Sunday, February 9, 2014

Why not Core Parenting Standards?

I think one impulse behind the Common Core is that education is a very complex science that only experts can understand. Pushing the Common Core, then, isn’t so much trying to shift power from local elected officials to state and federal elected officials; it’s trying to shift power from elected officials to “experts.” If educational issues hinge largely on value judgments, then it makes sense to bring the democratic process to bear on them. But if education is like quantum physics, then we just need to consult really smart physicists to find out the correct answers to our problems, and elected officials should just sign on and butt out.

Needless to say, I don’t think education is quantum physics. The ultimate questions in education are value questions about goals and priorities, which should be decided democratically. To the extent that there is expertise about how to reach the goals we choose, it rests largely with experienced classroom teachers, not with unelected bureaucrats and private groups. But the Common Core disagrees: it wants you to trust a small group of self-appointed experts to tell every community in America (and its teachers) what the right approach to education is.

(If you want to quickly dispel any illusions you might have about the superior expertise of our state education bureaucracy, you might take a look at some of the materials at the state Department of Education’s website (for example, here). This emperor has no clothes.)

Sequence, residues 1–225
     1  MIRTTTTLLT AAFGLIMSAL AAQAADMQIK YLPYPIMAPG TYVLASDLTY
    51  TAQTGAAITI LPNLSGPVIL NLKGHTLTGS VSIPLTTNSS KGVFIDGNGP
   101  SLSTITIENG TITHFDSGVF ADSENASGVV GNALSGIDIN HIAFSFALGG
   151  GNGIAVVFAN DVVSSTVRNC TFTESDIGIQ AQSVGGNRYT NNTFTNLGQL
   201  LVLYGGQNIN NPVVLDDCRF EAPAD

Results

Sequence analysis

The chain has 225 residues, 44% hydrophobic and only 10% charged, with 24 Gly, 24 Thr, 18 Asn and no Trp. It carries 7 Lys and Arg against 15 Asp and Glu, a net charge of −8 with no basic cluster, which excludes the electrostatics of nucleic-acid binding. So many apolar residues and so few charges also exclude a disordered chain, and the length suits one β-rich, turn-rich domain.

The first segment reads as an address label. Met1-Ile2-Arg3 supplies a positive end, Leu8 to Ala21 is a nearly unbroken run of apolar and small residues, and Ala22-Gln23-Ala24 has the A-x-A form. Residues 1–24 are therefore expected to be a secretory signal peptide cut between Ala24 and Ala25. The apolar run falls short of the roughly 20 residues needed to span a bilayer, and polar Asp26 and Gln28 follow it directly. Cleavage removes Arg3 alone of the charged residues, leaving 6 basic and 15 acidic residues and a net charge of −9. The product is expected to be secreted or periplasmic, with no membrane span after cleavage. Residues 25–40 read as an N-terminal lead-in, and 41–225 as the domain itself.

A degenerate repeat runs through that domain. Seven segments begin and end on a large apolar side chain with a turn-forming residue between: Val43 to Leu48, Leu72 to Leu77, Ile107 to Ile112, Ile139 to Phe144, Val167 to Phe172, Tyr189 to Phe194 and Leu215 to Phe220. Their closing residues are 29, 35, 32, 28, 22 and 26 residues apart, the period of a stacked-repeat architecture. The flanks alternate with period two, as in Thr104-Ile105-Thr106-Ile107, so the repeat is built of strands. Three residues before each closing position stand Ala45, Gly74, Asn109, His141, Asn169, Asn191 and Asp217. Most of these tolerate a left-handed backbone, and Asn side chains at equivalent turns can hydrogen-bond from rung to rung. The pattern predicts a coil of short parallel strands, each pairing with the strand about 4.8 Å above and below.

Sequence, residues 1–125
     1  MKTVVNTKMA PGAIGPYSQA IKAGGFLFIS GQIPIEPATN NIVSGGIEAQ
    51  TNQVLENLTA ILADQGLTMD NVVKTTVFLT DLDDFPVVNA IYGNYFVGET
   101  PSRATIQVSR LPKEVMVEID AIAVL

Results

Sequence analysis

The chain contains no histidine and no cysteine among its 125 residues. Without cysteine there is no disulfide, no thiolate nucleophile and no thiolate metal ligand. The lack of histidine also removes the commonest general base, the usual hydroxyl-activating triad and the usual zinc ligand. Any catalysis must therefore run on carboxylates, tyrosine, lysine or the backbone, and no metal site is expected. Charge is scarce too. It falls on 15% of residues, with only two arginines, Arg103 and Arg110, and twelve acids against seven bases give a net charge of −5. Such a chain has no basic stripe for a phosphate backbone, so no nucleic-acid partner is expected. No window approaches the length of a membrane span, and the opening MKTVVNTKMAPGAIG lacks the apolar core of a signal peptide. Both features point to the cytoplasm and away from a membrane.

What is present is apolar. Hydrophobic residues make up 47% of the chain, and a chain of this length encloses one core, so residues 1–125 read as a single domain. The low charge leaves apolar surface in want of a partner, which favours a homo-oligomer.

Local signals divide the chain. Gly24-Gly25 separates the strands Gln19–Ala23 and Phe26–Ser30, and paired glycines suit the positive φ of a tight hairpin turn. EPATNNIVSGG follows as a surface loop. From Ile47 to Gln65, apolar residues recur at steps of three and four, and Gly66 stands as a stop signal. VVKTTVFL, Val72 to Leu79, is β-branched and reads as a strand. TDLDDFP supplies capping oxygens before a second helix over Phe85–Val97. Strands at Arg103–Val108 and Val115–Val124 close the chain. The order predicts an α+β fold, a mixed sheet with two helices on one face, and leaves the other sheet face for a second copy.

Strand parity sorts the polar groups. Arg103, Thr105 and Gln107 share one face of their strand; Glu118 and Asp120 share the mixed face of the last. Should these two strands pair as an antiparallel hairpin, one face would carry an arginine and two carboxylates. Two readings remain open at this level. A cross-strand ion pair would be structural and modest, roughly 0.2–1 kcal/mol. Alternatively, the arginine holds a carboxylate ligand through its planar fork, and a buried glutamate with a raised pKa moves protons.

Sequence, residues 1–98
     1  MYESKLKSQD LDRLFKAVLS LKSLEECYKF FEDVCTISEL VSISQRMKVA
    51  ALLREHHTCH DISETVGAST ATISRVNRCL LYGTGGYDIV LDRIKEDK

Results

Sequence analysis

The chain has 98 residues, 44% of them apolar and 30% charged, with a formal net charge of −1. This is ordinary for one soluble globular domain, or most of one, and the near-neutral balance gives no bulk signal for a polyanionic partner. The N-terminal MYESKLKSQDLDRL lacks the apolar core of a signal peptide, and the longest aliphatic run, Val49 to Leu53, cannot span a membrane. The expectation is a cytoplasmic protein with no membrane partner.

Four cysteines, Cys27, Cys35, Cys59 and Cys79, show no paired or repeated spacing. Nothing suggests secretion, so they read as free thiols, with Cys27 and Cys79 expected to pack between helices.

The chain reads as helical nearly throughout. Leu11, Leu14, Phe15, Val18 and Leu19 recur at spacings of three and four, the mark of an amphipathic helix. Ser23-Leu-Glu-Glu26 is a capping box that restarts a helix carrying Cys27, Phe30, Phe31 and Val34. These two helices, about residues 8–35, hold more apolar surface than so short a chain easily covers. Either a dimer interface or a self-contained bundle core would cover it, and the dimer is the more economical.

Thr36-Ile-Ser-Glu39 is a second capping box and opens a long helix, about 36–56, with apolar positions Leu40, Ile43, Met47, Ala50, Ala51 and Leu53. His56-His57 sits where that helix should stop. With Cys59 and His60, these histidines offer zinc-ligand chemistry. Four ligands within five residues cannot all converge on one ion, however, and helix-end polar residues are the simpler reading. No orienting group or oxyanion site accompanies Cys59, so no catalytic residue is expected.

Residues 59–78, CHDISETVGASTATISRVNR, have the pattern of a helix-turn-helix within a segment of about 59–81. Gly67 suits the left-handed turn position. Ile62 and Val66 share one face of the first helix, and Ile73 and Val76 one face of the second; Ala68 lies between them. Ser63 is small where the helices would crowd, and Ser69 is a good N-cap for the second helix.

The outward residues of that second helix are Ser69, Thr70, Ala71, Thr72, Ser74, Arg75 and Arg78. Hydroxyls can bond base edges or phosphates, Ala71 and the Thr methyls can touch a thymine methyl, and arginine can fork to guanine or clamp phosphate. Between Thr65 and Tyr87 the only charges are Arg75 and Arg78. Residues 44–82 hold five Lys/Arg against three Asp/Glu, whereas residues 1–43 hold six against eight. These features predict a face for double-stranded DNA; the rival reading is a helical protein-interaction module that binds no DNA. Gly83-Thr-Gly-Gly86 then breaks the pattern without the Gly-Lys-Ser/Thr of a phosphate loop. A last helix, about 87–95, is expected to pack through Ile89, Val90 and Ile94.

Of course, an entire industry has been built on the idea that education can be trusted only to experts. But if education requires such specialized knowledge that communities full of ordinary people can’t be trusted to run it, isn’t the same even more true about parenting? Parenting is almost certainly more consequential than schooling. How has the human race survived without closer state intervention in everyday parenting? Shouldn’t the state require parents to demonstrate compliance with hundreds of pages of Parenting Standards? How will we ever compete in the global marketplace otherwise? The questions are obviously sarcastic, but I genuinely don’t know what the distinction is.

1 comment:

Anonymous said...

I think parents should read the new 'Triple Package' book by Amy Chua and Jed Rubenstein. I think parents should know, the average American kid studies about 5.5 hours, and Asians 13.8, and those who make top universities study 20-25 from middle school on and watch under 7 hours a week of TV. Reading to your kids helps a lot, but having them do extra worksheets, Spectrum books, etc. helps. Staying married helps, or if not making sure you are both involved and live close. Many facts are out there. Hours studied leads to success. Parents should turn off the TV and spend evenings and weekends focused on helping their kids thrive in school. A recent study showed no test score/knowledge/SAT benefit for private school after adjusting for income, so spending money isn't enough or even helpful at all. Parents need to be an example and show school is #1, volunteer at your kids' public school, take them to a cafe or library on Saturday to study, show them nothing is more important than education and don't give automatic approval, condition it on grades. Many immigrant groups do well even when poor. Parenting is key. There is no benefit to private school after adjusting for income, but there is to being born Chinese/Korean/Indian American. Why? Great focus. Lowest quintile Asians do better on the SAT than mid quintile whites and equal to second quintile whites. Americans need to wake up! We could be third world soon.